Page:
CVE Vulnerabilities

CVE-2017-12332

Unrestricted Upload of File with Dangerous Type

Published: Nov 30, 2017 | Modified: Dec 15, 2017
CVSS 3.x
4.4
MEDIUM
Source:
NVD
CVSS:3.0/AV:L/AC:L/PR:H/UI:N/S:U/C:N/I:H/A:N
CVSS 2.x
4.9 MEDIUM
AV:L/AC:L/Au:N/C:N/I:C/A:N
RedHat/V2
RedHat/V3
Ubuntu

A vulnerability in Cisco NX-OS System Software patch installation could allow an authenticated, local attacker to write a file to arbitrary locations. The vulnerability is due to insufficient restrictions in the patch installation process. An attacker could exploit this vulnerability by installing a crafted patch image on an affected device. The vulnerable operation occurs prior to patch activation. An exploit could allow the attacker to write arbitrary files on an affected system as root. The attacker would need valid administrator credentials to perform this exploit. This vulnerability affects the following products running Cisco NX-OS System Software: Multilayer Director Switches, Nexus 2000 Series Fabric Extenders, Nexus 5000 Series Switches, Nexus 5500 Platform Switches, Nexus 5600 Platform Switches, Nexus 6000 Series Switches, Nexus 7000 Series Switches, Nexus 7700 Series Switches, Unified Computing System Manager. Cisco Bug IDs: CSCvf16513, CSCvf23794, CSCvf23832.

Weakness

The product allows the attacker to upload or transfer files of dangerous types that can be automatically processed within the product’s environment.

Affected Software

Name Vendor Start Version End Version
Unified_computing_system Cisco 7.0(0)hsk(0.357) 7.0(0)hsk(0.357)

Potential Mitigations

  • Assume all input is malicious. Use an “accept known good” input validation strategy, i.e., use a list of acceptable inputs that strictly conform to specifications. Reject any input that does not strictly conform to specifications, or transform it into something that does.
  • When performing input validation, consider all potentially relevant properties, including length, type of input, the full range of acceptable values, missing or extra inputs, syntax, consistency across related fields, and conformance to business rules. As an example of business rule logic, “boat” may be syntactically valid because it only contains alphanumeric characters, but it is not valid if the input is only expected to contain colors such as “red” or “blue.”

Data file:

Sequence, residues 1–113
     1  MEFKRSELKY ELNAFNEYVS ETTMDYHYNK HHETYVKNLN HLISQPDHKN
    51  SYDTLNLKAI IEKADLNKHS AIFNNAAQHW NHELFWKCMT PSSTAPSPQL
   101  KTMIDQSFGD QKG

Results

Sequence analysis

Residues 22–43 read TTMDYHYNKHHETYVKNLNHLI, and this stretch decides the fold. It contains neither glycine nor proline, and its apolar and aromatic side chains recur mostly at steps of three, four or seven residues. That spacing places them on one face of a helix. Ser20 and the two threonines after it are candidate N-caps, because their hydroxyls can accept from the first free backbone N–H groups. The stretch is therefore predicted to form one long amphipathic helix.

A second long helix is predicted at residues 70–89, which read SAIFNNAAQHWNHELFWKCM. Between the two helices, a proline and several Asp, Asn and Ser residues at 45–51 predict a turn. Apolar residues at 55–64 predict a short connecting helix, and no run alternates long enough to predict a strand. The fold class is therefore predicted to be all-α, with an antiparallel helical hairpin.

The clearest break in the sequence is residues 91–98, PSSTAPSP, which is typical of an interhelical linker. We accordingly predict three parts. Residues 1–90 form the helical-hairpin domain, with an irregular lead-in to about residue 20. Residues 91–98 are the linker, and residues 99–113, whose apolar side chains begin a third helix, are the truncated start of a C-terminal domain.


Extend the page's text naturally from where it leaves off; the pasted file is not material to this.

• Do not rely exclusively on looking for malicious or malformed inputs. This is likely to miss at least one undesirable input, especially if the code’s environment changes. This can give attackers enough room to bypass the intended validation. However, denylists can be useful for detecting potential attacks or determining which inputs are so malformed that they should be rejected outright.
  • For example, limiting filenames to alphanumeric characters can help to restrict the introduction of unintended file extensions.
  • Run the code in a “jail” or similar sandbox environment that enforces strict boundaries between the process and the operating system. This may effectively restrict which files can be accessed in a particular directory or which commands can be executed by the software.
  • OS-level examples include the Unix chroot jail, AppArmor, and SELinux. In general, managed code may provide some protection. For example, java.io.FilePermission in the Java SecurityManager allows the software to specify restrictions on file operations.
  • This may not be a feasible solution, and it only limits the impact to the operating system; the rest of the application may still be subject to compromise.
  • Be careful to avoid CWE-243 and other weaknesses related to jails.

References